We currently allow discussions that involve bypassing government censorship, as well as avoiding government surveillance, and even attacking government systems, as long as they are legal to discuss and as long as the question is not off-topic for another reason. Below are a few example questions that are on-topic and still open which would need to be closed if we adopted a policy of not "supporting" questions that are intended to bypass government censorship:
We are under US jurisdiction, where this subject is legal.
The only times we ever disallow otherwise on-topic questions is if it is illegal to discuss in the US. Thankfully, the US has fairly strong laws for protecting the rights to discuss concepts in information security. Discussing censorship evasion is absolutely legal and thus can be discussed on the Stack Exchange network. If there is a realistic worry that the network could be blocked due to the questions asked here, we should bring the problem up on Meta.SE, where they would advise whether or not Sec.SE is breaking any network rules. We absolutely should not try to interpret and adjust the rules ourselves and play Stack Exchange, Inc. police.
We do not disallow discussions just because some government doesn't like it.
If the question is simple and clearly has had no research put into it, or if it's merely asking us to recommend some proxy server, it is clearly off-topic. Compare a question asking nothing more than what proxy should be used to go to Facebook in China with a question asking about the theory behind covert-communication, e.g. ICMPTX and how it can be used to avoid censorship. The former should be off-topic because it shows no understanding of the concepts and is just asking for us to hand them a solution on a silver platter, but the latter is fine. Do we really want this:
Questions asking us to break the security of a specific system for you are off-topic unless they demonstrate an understanding of the concepts involved and clearly identify a specific problem, unless the system was set up by a government, in which case it is always off-topic.
A government can be a valid adversary in someone's threat model.
Why can a government not be a valid adversary in information security? If the question was about bypassing censorship imposed by an attacker who had gained access to a company's infrastructure so one could retrieve server logs, no one would even think of closing it, anymore than they would think of closing a question on bypassing malware AV-evasion techniques because, after all, it involves trying to bypass the security of a piece of software. Would there be a worry if someone were asking about doing the same to state-sponsored malware? There are countries out there which disallow discussing many of the things we discuss, but we do not censor things just because they might not like the discussion.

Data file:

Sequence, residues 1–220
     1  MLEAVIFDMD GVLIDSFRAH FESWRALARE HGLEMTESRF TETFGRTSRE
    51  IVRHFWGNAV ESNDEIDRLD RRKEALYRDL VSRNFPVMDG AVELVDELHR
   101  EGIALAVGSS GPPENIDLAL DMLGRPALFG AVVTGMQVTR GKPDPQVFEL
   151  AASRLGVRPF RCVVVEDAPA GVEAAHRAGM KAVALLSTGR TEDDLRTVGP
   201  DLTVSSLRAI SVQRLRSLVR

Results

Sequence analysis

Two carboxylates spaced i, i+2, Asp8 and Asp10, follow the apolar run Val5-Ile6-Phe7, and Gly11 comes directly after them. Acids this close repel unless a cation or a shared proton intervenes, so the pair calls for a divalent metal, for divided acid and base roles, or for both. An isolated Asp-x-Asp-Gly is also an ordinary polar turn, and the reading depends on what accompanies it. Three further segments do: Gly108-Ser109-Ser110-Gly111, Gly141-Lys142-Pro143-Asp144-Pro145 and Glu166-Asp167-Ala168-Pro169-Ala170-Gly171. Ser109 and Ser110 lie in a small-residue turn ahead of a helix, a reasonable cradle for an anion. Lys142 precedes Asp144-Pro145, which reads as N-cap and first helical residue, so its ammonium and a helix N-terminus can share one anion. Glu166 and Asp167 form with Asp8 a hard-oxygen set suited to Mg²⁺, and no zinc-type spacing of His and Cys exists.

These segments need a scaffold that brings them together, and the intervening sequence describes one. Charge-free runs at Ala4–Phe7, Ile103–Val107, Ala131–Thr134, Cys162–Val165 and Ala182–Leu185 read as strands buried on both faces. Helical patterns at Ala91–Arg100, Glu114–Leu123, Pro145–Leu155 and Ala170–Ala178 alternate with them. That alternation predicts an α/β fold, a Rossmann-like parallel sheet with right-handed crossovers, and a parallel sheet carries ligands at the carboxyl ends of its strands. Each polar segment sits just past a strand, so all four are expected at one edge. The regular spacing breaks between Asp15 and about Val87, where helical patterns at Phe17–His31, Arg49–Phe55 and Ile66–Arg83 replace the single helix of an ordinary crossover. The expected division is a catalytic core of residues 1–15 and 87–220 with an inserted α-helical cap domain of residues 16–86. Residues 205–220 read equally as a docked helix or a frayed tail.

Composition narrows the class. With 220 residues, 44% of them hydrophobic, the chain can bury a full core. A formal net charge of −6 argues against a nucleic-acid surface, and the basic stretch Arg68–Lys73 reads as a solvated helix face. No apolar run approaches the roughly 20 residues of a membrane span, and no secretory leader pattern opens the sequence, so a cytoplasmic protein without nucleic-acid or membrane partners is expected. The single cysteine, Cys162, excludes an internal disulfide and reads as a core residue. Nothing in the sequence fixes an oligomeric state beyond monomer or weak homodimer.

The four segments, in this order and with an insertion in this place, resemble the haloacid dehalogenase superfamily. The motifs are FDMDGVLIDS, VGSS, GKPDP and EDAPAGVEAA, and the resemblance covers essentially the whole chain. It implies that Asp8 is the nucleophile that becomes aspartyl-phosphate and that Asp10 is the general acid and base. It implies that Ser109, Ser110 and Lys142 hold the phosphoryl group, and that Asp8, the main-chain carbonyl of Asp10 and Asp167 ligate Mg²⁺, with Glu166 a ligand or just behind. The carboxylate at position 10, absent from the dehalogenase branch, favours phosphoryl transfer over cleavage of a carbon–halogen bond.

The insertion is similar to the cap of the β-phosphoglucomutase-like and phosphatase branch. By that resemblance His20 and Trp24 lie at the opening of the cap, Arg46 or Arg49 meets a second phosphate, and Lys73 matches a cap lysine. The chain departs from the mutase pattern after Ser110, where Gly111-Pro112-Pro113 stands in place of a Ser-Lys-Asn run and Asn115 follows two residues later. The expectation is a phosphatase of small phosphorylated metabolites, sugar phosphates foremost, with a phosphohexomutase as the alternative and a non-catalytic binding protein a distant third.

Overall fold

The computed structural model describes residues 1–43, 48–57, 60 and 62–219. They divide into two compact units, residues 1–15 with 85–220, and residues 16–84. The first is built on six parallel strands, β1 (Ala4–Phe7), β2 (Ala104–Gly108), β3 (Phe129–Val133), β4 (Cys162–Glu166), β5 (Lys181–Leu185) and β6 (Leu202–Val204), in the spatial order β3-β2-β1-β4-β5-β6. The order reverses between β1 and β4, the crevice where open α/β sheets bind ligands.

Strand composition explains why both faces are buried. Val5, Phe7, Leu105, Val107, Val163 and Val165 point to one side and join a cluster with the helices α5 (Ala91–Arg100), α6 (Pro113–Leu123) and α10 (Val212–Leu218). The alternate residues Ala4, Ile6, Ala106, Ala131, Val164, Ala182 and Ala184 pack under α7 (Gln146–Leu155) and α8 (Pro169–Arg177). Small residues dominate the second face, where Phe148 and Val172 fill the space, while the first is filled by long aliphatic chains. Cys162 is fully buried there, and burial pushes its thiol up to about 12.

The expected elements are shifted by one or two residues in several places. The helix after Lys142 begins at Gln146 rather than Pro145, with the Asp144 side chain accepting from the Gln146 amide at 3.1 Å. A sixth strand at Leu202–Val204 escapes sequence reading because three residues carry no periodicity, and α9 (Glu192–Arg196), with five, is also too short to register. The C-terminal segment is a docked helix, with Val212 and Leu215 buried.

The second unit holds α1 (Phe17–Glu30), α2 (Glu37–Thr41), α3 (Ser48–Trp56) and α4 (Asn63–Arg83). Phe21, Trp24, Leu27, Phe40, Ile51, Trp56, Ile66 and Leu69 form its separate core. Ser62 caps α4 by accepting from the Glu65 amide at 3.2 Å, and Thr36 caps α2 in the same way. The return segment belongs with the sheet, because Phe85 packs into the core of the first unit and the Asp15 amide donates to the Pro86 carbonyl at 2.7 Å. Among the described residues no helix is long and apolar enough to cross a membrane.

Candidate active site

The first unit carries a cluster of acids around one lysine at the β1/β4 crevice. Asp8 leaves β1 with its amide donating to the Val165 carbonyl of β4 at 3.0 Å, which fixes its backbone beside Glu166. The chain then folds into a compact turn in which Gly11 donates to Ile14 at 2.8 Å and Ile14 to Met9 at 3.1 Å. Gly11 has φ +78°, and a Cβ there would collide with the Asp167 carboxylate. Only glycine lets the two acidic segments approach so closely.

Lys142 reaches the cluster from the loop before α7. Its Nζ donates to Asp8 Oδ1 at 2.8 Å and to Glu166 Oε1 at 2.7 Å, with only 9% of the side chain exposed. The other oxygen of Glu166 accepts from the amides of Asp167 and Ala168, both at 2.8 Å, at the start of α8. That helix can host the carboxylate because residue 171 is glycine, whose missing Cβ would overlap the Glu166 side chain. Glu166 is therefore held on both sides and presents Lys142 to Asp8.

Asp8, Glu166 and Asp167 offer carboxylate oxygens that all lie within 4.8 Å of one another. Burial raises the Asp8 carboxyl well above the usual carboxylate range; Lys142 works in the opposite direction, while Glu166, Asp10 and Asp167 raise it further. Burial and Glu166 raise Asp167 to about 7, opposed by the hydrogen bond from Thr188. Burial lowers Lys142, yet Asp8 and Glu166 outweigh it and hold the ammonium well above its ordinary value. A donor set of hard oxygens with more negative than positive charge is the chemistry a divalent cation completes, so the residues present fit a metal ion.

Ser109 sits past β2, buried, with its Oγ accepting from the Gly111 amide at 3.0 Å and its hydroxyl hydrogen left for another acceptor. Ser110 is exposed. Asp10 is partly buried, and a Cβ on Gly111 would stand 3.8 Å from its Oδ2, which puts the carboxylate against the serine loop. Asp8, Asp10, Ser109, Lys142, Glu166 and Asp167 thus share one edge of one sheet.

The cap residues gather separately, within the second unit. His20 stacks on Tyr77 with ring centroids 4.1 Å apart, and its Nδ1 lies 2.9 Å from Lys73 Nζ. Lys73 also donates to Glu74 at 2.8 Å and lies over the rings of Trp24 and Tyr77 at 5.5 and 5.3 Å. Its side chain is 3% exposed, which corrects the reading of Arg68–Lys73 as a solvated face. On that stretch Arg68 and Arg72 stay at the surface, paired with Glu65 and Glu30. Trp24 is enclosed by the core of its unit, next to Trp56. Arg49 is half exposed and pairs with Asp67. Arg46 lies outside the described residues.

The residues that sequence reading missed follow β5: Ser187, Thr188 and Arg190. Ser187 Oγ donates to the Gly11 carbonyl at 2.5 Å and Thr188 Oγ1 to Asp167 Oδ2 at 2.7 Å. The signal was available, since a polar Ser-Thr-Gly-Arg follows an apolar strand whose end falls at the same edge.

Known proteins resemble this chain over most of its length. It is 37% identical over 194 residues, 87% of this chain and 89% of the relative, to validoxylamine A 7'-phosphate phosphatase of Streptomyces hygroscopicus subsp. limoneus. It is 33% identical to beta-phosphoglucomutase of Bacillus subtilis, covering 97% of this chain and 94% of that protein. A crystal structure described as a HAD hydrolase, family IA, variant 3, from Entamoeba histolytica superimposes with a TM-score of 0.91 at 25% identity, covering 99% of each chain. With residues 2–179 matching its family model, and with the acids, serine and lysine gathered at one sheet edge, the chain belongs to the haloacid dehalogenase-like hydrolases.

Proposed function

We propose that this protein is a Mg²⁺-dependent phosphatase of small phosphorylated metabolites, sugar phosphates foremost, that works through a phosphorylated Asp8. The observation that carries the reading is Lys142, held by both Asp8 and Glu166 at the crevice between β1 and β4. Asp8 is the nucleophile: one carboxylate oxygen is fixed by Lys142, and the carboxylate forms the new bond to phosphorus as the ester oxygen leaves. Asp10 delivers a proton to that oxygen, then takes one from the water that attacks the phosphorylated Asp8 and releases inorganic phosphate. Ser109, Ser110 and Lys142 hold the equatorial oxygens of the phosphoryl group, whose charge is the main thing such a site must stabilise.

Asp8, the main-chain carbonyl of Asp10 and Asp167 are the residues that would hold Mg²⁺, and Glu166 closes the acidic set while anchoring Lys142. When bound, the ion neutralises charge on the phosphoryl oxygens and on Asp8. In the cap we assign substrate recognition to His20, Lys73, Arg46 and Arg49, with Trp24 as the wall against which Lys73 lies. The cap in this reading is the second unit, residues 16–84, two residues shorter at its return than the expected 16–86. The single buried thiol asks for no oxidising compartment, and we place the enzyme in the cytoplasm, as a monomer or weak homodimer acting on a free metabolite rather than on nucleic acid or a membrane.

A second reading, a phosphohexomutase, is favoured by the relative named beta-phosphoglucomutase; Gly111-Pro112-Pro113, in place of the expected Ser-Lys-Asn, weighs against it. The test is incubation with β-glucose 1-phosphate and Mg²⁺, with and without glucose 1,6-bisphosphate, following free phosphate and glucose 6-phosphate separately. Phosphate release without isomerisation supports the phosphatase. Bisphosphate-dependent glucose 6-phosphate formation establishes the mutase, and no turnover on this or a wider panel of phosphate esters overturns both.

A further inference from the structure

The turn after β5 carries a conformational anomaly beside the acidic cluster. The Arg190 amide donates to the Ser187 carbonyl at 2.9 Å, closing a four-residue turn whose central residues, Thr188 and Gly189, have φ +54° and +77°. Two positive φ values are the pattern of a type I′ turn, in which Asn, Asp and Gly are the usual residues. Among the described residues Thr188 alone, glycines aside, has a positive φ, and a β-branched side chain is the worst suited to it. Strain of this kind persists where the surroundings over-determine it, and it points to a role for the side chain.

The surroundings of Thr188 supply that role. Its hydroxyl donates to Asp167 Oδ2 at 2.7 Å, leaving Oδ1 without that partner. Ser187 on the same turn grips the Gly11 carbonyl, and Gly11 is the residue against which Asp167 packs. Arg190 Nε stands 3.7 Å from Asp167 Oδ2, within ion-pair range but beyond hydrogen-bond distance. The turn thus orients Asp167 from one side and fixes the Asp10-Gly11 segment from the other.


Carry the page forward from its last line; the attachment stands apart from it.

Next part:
Communications security involves the ability to send a message without it being intercepted and blocked. Censorship, whether done by a government or blackhat hacker is a type of counter-intelligence. As such, both blocking specific messages and getting around such blocks fits squarely within the realm of infosec. As long as the question is not specifically asking how to break a specific system without showing understanding of the concepts is a close reason we have. We do not, and should not, have a close reason for evading censorship.
What makes Sec.SE special?
If the idea is that we risk getting the network blocked by discussing things that are not permitted in other, foreign countries, then it should apply to the entire network. I constantly see questions on IPS which discuss homosexuality-related topics such as coming out to parents. Such discussions are not permitted online under Russian law, and Roskomnadzor is free to block any site which does discuss it. Should homosexuality be a bannable topic on IPS because we are afraid to get blocked by RKN? What about that Iranian atheist who asked on Law.SE how to leave his country so as not to be executed? Should we have flagged his question for explicitly trying to break a law? If not, then why is it on Sec.SE that we have to tiptoe around governments?
EDIT: I've opened a post on Meta.SE to ask what the official stance on topics that may not be legal in certain countries, and the general response seems to be that the corporation does not censor these discussions, and that it is up to an individual site to determine if it is considered topical.